Now i really like these kits but did need to add some of my own bits and pieces just to get them up to speed. Firstly its very obvious where the MDF corners are, so i used my gyprock plaster to give my buildings a texture, before i added the details. This covered up the joins and created a more interesting surface. I also could not quite understand the chimney construction, maybe i did it wrong, so i also had to add some MDF to line everything up. The chimney pots i cut off and replaced with some excellent metal ones i had bought from a model shop, which i think was a good improvement. I also added my own cardboard roof tiles onto the roof remains which give more texture to the roof than the original flat MDF. I also added textured bricks carved into the plaster along the bottom of the walls and also bits of rubble and debris inside the damaged walls. It was a lot of fun to customize these little buildings, but i think they would come out nicely whether you choose to do this or not.

Painting took me a while and i just used basic acrylics. I added a couple of French signs to the sides and then added some black and brown chalk dust to the damaged bits to give the finished result a burnt out look. I am looking forward to building the Chateau now after these two. If  you need some quick and easy buildings with a lot of scope to customize then go and check out Sarissa. You can see below how well they fit in with one of my home made buildings – the blue two storey house with a big blown in the middle of it…..



Cobbled Streets and Town Square

I am never been satisfied with my cobbled streets made out of purchased, patterned card and stuck onto MDF. They still look flat and a bit unrealistic. But I refuse to pay any big money for roads when they should be easy to make. So I cut out the usual shapes and strips of 3mm MDF and gave them a 1-2mm coating of ready mixed plaster. I get a big tub of Gyprock Topcoat from Bunnings which will last for ever. Its great for doing texture on buildings too. Make sure the coating is pretty smooth, although it doesn’t need to be a perfect finish, and leave it to dry overnight.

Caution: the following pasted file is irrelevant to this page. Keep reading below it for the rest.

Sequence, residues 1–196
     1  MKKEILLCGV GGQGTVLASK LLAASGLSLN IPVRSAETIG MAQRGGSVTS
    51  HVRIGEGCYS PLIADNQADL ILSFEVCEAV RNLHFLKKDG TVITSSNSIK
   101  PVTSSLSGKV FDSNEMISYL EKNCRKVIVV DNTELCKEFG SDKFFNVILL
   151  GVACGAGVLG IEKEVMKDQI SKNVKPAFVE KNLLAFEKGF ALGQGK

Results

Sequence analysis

Then comes the entertaining bit…… First of all I draw horizontal guide lines every 5mm across of all the pieces you want to do. Although you can make the distance smaller or wider depending on how big you want to make your cobbles. I invested in a $10 etching tool on eBay from China. What a great machine. It runs on AAA batteries and its shaped like a big pen so you can sit and carve bricks and cobbles all day long. And it does take all day long. Its much easier and quicker than trying to carve with an old scalpel or blade. Jump on eBay and grab one. It still took me ages to engrave a town square, a couple of roads and another little square. Once the cobbles are carved its just a question of painting them grey and throwing some brown and black washes over them. I did add some brown, black and sand coloured chalk powder on them too. Dirty them up a bit.

You can see in the first picture the effect of the cobbled square and street. Also as a comparison I put my old card cobbled square and streets next to them so you can see the difference. It was a good opportunity to get out all my houses and put them together. Here is a mixture of home made, laser cut MDF and cardboard kits. I think they all mix in together quite nicely, and no two houses are ever identical.

Must get cracking on my village church…….